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Police Department town hall

LCPD to add 20 officers, violent crime down in 2023


The number of Las Cruces police officers will increase from 201 to 220 in July, Police Chief Miguel Dominguez said May 25 during a Las Cruces Police Department (LCPD) town hall meeting at City Hall.

The meeting, which had about 35 attendees in addition to LCPD leadership and city staff, included an update on city crime statistics, LCPD training and outreach and answers to questions from the public.

Dominguez and LCPD deputy chiefs Jeremy Story and Sean Mullen said preliminary statistics show violent crime has decreased by nearly 50 percent in Las Cruces during the first three months of 2023, while property crime, driven by increases in burglaries and auto burglaries, has increased by 10 percent.

The decrease in violent crime “is great news for us and great news for our city,” Dominguez said.

LCPD recorded 100 incidents of violent crime, including homicide, rape, robbery and aggravated assault, January-March 2023, compared to 192 incidents during the same period in 2022. Homicide was down from five incidents to two, rape was up from nine incidents to 11 and aggravated assault was down from 151 reports to 70.

There were 1,516 property crimes reported during the first quarter of 2023, compared to 1,383 during the same three months in 2022, LCPD said.

There were 80 residential burglaries reported in 2023, compared to 71 during the same period in 2022; 84 commercial burglaries in 2023 compared to 76 in 2022; 68 non-residential burglaries in 2023 and 52 in 2022; 34 reports of breaking and entering in 2023 and 46 in 2022; 346 auto burglaries in 2023 compared to 234 in 2022, 65 reports of felony larceny/theft in 2023 compared to 123 in 2022; 335 reports of misdemeanor shoplifting in 2023 compared to 274 in 2022; 200 reported vehicle thefts in 2023 compared to 231 in 2022; and three reports of arson in 2023 compared to six in 2022.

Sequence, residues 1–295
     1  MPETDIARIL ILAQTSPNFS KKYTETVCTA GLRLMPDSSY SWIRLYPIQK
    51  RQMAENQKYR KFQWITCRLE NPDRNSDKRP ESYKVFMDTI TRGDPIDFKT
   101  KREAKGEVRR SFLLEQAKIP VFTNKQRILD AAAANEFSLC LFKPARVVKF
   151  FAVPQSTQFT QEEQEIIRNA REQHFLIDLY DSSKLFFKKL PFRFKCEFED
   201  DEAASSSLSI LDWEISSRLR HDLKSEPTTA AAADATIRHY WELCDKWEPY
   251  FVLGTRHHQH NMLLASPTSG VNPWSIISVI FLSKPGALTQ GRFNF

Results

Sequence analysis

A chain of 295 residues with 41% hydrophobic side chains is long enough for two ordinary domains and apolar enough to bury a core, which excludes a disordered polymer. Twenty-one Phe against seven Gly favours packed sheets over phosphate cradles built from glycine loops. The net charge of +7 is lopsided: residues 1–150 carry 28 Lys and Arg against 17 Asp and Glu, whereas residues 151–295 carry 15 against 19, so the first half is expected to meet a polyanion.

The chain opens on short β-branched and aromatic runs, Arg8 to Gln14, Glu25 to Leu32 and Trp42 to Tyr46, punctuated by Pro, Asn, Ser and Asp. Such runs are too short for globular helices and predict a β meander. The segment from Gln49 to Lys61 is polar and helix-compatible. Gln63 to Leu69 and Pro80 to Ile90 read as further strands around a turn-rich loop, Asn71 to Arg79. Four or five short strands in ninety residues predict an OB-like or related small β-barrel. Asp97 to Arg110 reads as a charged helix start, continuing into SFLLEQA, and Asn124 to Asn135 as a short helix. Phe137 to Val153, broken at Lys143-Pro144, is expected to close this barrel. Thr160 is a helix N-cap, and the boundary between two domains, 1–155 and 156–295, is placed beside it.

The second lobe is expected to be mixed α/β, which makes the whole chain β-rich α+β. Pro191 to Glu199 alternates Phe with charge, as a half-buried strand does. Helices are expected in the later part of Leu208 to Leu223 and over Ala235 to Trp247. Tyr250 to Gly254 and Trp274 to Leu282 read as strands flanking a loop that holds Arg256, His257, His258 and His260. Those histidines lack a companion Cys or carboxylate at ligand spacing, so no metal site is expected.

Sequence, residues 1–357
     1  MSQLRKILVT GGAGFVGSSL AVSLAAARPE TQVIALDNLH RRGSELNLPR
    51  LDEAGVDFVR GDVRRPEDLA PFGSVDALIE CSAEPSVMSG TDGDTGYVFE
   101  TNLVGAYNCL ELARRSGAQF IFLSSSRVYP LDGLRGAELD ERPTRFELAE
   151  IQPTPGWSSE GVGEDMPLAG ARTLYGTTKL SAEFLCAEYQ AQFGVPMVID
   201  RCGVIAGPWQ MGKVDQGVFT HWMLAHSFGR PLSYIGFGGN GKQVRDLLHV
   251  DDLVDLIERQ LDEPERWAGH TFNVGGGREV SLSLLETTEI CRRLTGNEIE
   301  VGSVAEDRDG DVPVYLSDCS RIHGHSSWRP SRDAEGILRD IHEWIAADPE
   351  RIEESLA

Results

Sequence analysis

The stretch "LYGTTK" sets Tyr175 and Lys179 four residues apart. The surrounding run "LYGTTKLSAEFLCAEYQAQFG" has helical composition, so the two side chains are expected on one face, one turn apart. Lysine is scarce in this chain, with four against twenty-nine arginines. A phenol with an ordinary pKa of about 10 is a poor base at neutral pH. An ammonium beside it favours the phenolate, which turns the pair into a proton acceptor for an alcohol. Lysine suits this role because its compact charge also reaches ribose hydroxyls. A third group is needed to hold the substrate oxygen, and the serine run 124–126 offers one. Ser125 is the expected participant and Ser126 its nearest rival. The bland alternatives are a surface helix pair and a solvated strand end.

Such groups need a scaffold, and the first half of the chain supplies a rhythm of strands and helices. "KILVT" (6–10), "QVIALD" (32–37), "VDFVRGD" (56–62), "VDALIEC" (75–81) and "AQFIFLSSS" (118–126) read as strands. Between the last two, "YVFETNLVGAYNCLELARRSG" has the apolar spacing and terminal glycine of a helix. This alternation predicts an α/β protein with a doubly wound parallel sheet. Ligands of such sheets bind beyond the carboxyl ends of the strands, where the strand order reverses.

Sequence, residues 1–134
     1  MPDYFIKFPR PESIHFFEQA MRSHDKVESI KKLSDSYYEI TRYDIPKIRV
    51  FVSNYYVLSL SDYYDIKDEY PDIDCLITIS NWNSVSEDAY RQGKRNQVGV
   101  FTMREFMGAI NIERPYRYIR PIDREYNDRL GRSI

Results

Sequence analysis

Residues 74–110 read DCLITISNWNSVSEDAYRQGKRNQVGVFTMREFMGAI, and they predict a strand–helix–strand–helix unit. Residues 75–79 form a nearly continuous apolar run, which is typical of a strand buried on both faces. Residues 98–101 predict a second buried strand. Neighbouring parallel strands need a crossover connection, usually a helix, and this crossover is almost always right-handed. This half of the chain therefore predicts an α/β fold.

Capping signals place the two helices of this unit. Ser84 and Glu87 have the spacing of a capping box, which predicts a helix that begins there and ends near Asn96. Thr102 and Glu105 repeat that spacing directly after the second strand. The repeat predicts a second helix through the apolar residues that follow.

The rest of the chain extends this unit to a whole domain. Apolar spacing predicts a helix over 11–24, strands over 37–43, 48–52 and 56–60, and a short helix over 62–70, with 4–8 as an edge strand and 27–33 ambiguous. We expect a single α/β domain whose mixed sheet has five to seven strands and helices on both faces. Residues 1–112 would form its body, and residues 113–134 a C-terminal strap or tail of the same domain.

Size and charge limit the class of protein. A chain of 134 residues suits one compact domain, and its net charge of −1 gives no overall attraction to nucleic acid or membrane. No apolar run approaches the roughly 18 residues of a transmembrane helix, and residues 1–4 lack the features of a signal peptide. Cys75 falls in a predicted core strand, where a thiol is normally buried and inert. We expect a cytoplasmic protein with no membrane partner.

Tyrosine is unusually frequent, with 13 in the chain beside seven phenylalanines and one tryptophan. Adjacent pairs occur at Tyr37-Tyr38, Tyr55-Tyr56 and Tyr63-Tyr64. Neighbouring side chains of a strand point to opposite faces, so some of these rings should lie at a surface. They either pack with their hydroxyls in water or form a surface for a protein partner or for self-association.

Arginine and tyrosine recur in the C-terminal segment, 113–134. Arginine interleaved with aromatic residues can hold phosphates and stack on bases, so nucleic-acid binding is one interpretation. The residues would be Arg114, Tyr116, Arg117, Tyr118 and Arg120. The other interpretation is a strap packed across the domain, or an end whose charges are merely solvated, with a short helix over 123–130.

Dominguez said 60 percent of vehicles stolen January-March 2023 have been recovered.

Story said the number of vehicle burglaries could be substantially reduced if people locked their vehicles, did not leave valuables visible in vehicles and did not leave vehicles running while unattended.

Training Director Lt. Josh Savage said the LCPD Academy requires 1,049 hours of cadet training, compared to 677 hours mandated by the state. For LCPD, that includes the required hours of training: 46: domestic violence, 111: use of force/defensive tactics training, 64: crisis intervention and communication skills, 125: firearms and 96: scenario-based training.

In response to a question from the public about the possibility of the city creating a police oversight committee, Dominguez said that structure already exists through OIR Group, the company hired by the city to audit LCPD twice annually.

Dominguez said OIR’s audits are “far more intense” than those provided by the department’s two previous auditors. LCPD has taken OIR’s recommendations to improve department policies, procedures and training, he said.

Dominguez said there was a 50 percent reduction in use of force by LCPD officers during the first three months of 2023, due in part to increased de-escalation training.

To see 2021, 2022 and first-quarter 2023 city crime statistics, visit www.lascruces.gov/2589/Police and click on “LCPD Transparency.”

The transparency page also includes LCPD’s 2022 annual report and intern affairs reports; a community crime map showing locations of property crimes in the city; the latest audit from OIR Group; LCPD’s use of force review process; the complaint investigation process; the LCPD budget; the training academy; the department’s standard operating procedures; public information requests; and social media links.